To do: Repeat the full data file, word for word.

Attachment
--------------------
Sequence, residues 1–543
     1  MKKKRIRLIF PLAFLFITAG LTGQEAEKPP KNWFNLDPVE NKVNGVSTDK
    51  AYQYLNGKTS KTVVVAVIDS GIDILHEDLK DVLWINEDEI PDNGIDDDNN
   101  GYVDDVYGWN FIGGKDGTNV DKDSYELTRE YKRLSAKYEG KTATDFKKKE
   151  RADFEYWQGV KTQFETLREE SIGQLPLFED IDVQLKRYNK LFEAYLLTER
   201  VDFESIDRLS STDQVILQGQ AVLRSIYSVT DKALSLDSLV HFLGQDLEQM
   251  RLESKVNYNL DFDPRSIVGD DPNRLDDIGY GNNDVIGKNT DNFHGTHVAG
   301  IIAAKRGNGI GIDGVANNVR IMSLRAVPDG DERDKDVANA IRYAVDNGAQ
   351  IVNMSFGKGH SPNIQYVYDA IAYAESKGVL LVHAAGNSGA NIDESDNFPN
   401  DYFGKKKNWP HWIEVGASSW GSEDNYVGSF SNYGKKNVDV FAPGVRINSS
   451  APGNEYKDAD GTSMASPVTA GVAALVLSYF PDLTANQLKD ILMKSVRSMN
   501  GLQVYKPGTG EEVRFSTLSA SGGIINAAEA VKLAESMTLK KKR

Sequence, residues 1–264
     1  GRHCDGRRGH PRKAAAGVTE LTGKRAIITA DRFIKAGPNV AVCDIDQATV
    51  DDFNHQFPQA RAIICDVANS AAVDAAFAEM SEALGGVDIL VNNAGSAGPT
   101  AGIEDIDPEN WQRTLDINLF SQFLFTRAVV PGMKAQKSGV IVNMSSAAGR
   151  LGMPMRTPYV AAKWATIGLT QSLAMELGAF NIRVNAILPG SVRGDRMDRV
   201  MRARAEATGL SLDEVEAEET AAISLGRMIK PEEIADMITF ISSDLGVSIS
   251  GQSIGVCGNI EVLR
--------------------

Sequence, residues 1–543
     1  MKKKRIRLIF PLAFLFITAG LTGQEAEKPP KNWFNLDPVE NKVNGVSTDK
    51  AYQYLNGKTS KTVVVAVIDS GIDILHEDLK DVLWINEDEI PDNGIDDDNN
   101  GYVDDVYGWN FIGGKDGTNV DKDSYELTRE YKRLSAKYEG KTATDFKKKE
   151  RADFEYWQGV KTQFETLREE SIGQLPLFED IDVQLKRYNK LFEAYLLTER
   201  VDFESIDRLS STDQVILQGQ AVLRSIYSVT DKALSLDSLV HFLGQDLEQM
   251  RLESKVNYNL DFDPRSIVGD DPNRLDDIGY GNNDVIGKNT DNFHGTHVAG
   301  IIAAKRGNGI GIDGVANNVR IMSLRAVPDG DERDKDVANA IRYAVDNGAQ
   351  IVNMSFGKGH SPNIQYVYDA IAYAESKGVL LVHAAGNSGA NIDESDNFPN
   401  DYFGKKKNWP HWIEVGASSW GSEDNYVGSF SNYGKKNVDV FAPGVRINSS
   451  APGNEYKDAD GTSMASPVTA GVAALVLSYF PDLTANQLKD ILMKSVRSMN
   501  GLQVYKPGTG EEVRFSTLSA SGGIINAAEA VKLAESMTLK KKR

Sequence, residues 1–264
     1  GRHCDGRRGH PRKAAAGVTE LTGKRAIITA DRFIKAGPNV AVCDIDQATV
    51  DDFNHQFPQA RAIICDVANS AAVDAAFAEM SEALGGVDIL VNNAGSAGPT
   101  AGIEDIDPEN WQRTLDINLF SQFLFTRAVV PGMKAQKSGV IVNMSSAAGR
   151  LGMPMRTPYV AAKWATIGLT QSLAMELGAF NIRVNAILPG SVRGDRMDRV
   201  MRARAEATGL SLDEVEAEET AAISLGRMIK PEEIADMITF ISSDLGVSIS
   251  GQSIGVCGNI EVLR